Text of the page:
Benjamin Marquez works to define identity as being beneficial but mostly keeps minorities in check socially, economically, and politically. Mexican Americans created identities in response to this discrimination and economic deprivation by aligning with four organizations: The Southwest Network for Environmental and Economic Justice (SNEEJ), the Southwest Industrial Areas Foundation (IAF), The Texas Association of Mexican American Chambers of Commerce (TAMACC), and the Mexican American Women’s National Association (MANA). The Mexican-American organizations in this study are each seeking to advance its own concept of racial politics.
The minority group status depicts exclusion based on race or culture and lower socioeconomic status; however, these are not the only defining features. Historically, they represent the most continual points of conflict between Mexican and Anglo Americans. The Racial discrimination had put Anglo Americans higher on the social ladder, not to mention skin color and being a majority. To build on the disadvantages faced by Mexican Americans they battle poverty, low wages, and unemployment. These concerns have been the basis of demands made by Mexican American activists for equal treatment before the law, nondiscrimination in hiring, access to higher education, and so son.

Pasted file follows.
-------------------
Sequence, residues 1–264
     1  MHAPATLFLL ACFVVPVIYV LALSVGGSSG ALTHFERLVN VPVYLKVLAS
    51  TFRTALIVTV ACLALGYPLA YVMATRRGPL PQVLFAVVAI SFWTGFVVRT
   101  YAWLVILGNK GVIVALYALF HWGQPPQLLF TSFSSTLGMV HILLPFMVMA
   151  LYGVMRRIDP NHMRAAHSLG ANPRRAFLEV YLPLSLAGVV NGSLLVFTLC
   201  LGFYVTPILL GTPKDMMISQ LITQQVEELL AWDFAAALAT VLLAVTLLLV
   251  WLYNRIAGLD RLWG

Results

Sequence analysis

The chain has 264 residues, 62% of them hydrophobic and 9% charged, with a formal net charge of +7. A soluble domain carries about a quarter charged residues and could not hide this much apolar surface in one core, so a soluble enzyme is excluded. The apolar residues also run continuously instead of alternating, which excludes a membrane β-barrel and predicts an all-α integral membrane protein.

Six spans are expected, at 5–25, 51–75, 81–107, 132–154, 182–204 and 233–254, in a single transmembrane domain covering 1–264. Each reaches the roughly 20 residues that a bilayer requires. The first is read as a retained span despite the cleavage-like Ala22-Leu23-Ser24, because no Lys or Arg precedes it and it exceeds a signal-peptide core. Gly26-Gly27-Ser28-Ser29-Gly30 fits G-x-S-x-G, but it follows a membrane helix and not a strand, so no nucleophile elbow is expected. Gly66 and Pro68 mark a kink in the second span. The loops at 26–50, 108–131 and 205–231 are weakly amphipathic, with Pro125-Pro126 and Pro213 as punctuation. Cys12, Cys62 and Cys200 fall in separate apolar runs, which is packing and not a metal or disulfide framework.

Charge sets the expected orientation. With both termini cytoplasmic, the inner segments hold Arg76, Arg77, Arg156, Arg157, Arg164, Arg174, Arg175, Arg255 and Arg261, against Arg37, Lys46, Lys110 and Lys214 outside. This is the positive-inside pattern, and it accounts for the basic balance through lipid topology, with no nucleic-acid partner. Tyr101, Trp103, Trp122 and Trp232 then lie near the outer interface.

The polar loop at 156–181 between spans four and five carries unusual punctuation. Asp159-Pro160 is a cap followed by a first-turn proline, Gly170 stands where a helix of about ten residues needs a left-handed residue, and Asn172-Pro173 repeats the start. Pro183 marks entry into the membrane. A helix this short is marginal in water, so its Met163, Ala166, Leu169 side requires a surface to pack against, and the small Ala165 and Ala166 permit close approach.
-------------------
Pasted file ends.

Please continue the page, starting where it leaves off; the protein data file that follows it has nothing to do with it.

The Author’s Thesis
Benjamin Marquez argues that the political organizations formed are in response to social discrimination and economic deprivation. The four organizations broken down in his novel, he asserts, have completely different procedures and plan to battle a common cause of suppression of Mexican American people.
The author, Benjamin Marquez, uses in-person and telephone interview to reveal how each of the four political organizations operated. The four political organizations focused on are The Southwest Network for Environmental and Economic Justice (SNEEJ), the Southwest Industrial Areas Foundation (IAF), The Texas Association of Mexican American Chambers of Commerce (TAMACC), and the Mexican American Women’s National Association (MANA). There are hundreds of Mexican American organizations but Marquez narrowed his selection down because all four mentioned are well known in southwestern political, have a long record of successful organizing, and are supported by a large membership base. The four organizations chosen for this study are good examples of the regionally based organizations at work in Mexican-American communities. Benjamin Marquez made trips to each of the network’s headquarters to examine each organization’s records and materials. Unfortunately, a paper trail on each Mexican American organization was hard to come by because of a lack of record-keeping.